Understanding Inbound Load Balancing

Inbound Load Balancing distributes inbound data traffic over multiple WAN links to computers/servers behind Peplink Balance. Peplink Balance 210, 310, 305, 380, 580, 710, and 1350 have a built-in DNS server that enables this functionality.

Built-in DNS server functionality is not available on Peplink Balance 20 and 30.

Inbound Load Balancing is configured via both of the following:

The following is a simplified example of an Inbound Load Balancing scenario when Peplink Balance is acting as an authoritative DNS server, further details subsequently follow:
  1. Peplink Balance is being an authoritative DNS server of domain foobar.com
  2. The web server that serves foobar.com is housed behind Peplink Balance, where Peplink Balance distributes the web server's data traffic across two WAN links (i.e. WAN1 and WAN2).


Both WANs are avaliable and traffic are load balanced.
In further detail, with the aforementioned DNS records, the following steps take place when resolving the hostname foobar.com:
  1. A client computer requires resolution for foobar.com, and queries the build-in DNS server of Peplink Balance for foobar.com
  2. The client computer queries, via WAN1, the DNS of Peplink Balance for the resolution of foobar.com. In the event that the WAN1 connection is down, the DNS query would not succeed. However, as a built-in mechanism of the DNS protocol, the client computer then queries via WAN2 to resolve the hostname foobar.com
  3. Peplink Balance, upon receiving the DNS query, returns to the client computer the IP addresses of foobar.com that correspond to available WAN links. For example:
    • If both WAN1 and WAN2 are available, then both the IP address that corresponds to WAN1 and that of WAN2 are returned.
    • If WAN1 is available but WAN2 is down, then the IP address that corresponds to WAN1 is returned, but that of WAN2 is not returned.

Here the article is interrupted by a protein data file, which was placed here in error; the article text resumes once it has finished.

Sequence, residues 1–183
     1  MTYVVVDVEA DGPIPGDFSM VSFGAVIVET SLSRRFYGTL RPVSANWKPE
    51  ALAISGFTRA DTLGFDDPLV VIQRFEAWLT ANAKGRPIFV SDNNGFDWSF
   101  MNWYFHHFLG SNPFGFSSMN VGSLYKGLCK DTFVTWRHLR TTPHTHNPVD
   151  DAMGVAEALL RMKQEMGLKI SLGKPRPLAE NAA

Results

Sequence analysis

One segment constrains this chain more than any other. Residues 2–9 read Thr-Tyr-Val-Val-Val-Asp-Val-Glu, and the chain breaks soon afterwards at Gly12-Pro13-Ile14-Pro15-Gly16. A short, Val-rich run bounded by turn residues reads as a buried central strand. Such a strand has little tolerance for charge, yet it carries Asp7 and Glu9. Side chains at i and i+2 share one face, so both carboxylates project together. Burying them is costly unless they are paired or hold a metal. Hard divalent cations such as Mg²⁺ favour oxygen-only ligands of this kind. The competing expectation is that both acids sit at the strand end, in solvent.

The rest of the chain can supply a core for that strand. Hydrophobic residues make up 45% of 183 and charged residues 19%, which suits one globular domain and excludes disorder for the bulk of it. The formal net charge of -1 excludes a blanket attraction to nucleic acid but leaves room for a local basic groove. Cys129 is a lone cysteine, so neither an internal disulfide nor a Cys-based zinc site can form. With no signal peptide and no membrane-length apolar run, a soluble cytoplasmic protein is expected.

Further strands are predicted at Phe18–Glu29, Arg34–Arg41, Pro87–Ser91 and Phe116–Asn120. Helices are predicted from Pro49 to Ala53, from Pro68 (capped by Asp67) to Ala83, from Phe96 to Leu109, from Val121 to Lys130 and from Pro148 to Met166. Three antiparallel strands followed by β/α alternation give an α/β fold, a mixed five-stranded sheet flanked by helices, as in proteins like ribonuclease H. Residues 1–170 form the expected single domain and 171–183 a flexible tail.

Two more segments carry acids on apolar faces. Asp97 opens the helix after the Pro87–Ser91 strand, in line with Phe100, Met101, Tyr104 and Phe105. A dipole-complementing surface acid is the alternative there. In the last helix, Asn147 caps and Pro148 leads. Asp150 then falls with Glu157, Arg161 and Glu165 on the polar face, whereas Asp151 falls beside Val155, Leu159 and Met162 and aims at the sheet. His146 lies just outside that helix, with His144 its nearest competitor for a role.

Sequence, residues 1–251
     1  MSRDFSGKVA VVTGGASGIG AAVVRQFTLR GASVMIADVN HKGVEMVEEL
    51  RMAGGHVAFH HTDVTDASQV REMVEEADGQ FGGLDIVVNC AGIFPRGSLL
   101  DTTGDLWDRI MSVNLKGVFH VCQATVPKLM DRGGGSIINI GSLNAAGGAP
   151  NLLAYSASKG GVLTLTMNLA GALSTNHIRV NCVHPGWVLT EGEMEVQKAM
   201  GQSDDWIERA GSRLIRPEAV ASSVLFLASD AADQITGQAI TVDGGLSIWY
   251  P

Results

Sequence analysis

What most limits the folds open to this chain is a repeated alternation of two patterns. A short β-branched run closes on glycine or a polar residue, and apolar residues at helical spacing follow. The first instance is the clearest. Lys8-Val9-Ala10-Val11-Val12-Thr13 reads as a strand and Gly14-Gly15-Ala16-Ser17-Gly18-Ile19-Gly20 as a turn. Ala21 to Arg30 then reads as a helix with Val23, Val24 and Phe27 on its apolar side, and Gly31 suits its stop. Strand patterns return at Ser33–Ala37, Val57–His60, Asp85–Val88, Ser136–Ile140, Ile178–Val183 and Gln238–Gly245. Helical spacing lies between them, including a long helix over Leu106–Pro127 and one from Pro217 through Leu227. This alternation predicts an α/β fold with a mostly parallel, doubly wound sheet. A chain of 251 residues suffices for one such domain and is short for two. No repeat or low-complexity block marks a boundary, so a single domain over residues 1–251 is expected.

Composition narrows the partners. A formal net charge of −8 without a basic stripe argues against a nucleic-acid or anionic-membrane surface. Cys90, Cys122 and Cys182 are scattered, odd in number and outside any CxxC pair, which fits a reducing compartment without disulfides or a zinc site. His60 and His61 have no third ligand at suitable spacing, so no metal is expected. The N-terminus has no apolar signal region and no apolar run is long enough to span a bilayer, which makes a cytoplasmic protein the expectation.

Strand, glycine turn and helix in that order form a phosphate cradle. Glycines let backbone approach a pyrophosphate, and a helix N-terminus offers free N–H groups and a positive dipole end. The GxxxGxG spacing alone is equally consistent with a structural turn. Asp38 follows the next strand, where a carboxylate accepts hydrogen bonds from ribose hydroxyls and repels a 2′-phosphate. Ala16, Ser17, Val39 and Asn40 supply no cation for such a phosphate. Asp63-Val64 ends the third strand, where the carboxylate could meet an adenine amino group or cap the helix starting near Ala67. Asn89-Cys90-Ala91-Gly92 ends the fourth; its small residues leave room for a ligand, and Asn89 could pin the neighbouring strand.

WAN1 is down and incoming traffic goes through WAN2.


Thanks Peplink team for posting these feature summaries. They are very helpful.

Just out of curiosity, since I only have a balance 30 - are there different inbound balancing algorithms? Or is it always based on WAN link status?

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Inbound load balancing requires the Authoritative DNS feature and this is not available on the Balance 30.



I understand that this option is not available on my router. I was curious as to what types of inbound load balancing algorithms are available for those with the option available to them. Round Robin? Weighted balance? Enforced? Persistent? Etc.

It looked like you were describing a feature and I was inquiring about capabilities of that feature. It is cool technology and I would like to know more.


Sure thing! Inbound load balancing uses a Round Robin algorithm for the configured WAN connections. You can also choose to have a WAN as primary and only failover to a different WAN if it fails. Thanks!


Thanks! Keep up the great work. I love features and logs and cool stuff!

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Hi, I’m looking to purchase PepLink Load Balance. But I have the below scenario.
ISP A - using fixed IP